Potosi: Colonial Treasures and the Bolivian City of Silver by Pedro Querejazu
Founded in 1545, the Bolivian city of Potosí's importance as a great silver mining center resulted in its emergence as an artistic center for painting, sculpture, and silverwork. By the year 1600, it had become the largest city in the Americas, but as its mines yielded diminishing wealth the city slowly declined. Although little known outside of Bolivia today, it was recognized by UNESCO in 1985 as a World Heritage Site.
This book represents the first exhibition ever to present the artistic achievements of Potosí in the context of its complex and unique cultural history. It seeks to illuminate the fascinating story of Potosí by presenting magnificent works of art created in the seventeenth and eighteenth centuries, when Potosí's sophisticated artistic schools flourished. Lavishly illustrated essays relate the city's rich heritage in architecture, painting, wooden sculpture, and silver, while a section of more than fifty color plates captures some of the most magnificent representations of both religious and secular art forms. The text appears in both English and Spanish.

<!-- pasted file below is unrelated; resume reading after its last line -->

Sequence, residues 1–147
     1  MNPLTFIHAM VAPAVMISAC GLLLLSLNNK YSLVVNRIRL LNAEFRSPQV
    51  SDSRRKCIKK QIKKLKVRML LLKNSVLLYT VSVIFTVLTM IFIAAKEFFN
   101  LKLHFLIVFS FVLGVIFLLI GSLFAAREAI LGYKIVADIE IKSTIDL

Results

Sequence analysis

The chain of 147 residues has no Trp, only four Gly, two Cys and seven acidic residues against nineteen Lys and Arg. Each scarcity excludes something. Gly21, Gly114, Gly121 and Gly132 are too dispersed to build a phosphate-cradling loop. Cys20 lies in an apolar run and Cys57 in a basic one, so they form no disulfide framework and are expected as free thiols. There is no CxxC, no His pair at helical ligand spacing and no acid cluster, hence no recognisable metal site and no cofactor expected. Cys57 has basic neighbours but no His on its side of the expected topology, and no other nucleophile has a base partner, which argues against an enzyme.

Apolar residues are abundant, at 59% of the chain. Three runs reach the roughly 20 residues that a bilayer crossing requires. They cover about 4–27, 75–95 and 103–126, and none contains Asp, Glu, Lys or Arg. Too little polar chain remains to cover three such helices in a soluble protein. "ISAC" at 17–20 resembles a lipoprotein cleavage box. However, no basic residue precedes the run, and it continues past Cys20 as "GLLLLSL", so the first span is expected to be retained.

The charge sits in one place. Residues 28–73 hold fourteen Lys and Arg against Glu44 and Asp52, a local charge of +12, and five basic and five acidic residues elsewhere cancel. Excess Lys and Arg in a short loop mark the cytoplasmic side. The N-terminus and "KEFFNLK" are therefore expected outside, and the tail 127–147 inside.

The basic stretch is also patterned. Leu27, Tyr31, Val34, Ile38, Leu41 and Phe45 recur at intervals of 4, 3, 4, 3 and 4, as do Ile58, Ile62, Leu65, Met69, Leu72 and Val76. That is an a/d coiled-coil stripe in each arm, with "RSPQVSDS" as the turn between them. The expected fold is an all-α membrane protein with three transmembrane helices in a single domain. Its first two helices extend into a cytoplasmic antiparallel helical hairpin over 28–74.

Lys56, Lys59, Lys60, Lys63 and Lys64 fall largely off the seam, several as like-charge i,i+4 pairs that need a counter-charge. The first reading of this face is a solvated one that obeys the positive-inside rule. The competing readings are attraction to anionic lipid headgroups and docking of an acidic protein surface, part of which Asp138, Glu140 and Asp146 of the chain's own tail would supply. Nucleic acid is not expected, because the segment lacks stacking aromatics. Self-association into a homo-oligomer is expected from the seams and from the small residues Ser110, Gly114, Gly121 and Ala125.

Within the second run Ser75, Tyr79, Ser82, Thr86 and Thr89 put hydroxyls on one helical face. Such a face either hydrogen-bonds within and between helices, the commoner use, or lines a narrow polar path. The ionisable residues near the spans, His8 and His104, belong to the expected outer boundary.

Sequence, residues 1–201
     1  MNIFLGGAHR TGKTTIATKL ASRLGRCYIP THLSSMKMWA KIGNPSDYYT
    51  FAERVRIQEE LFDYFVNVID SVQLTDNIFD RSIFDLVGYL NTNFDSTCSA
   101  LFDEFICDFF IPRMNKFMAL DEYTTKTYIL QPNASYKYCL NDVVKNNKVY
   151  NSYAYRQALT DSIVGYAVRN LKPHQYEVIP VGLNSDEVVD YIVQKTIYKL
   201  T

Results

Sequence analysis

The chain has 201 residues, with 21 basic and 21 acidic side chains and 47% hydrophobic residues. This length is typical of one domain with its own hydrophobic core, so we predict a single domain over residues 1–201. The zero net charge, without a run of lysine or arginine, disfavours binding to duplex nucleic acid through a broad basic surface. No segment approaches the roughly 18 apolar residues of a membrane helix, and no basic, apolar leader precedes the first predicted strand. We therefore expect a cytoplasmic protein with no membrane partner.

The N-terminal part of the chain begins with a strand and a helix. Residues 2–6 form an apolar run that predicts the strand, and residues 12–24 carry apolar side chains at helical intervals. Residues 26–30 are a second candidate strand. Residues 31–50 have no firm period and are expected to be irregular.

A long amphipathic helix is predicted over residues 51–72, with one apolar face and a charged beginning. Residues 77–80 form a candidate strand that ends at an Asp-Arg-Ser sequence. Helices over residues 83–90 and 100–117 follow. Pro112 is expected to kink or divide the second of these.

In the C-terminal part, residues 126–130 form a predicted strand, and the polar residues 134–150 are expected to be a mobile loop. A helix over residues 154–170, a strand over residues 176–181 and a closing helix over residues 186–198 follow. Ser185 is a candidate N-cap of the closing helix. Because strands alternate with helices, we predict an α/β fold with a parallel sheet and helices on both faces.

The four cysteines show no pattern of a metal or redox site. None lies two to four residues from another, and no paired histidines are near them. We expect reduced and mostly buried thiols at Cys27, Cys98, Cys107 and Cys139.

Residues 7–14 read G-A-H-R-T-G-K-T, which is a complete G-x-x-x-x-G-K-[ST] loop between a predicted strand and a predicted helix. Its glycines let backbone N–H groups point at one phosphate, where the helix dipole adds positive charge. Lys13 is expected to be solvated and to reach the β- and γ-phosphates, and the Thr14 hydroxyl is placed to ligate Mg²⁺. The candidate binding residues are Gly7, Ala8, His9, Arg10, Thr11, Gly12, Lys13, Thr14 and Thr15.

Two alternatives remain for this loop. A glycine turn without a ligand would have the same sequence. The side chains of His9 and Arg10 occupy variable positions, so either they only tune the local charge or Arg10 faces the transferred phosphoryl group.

This handsome volume contributes substantially to the recovery of Potosí's memory so that its artistic legacy will be more widely recognized and appreciated throughout the world.
Pedro Querejazu and Elizabeth Ferrer curated the Potosí exhibition for the Americas Society and the Fundación BHN, La Paz.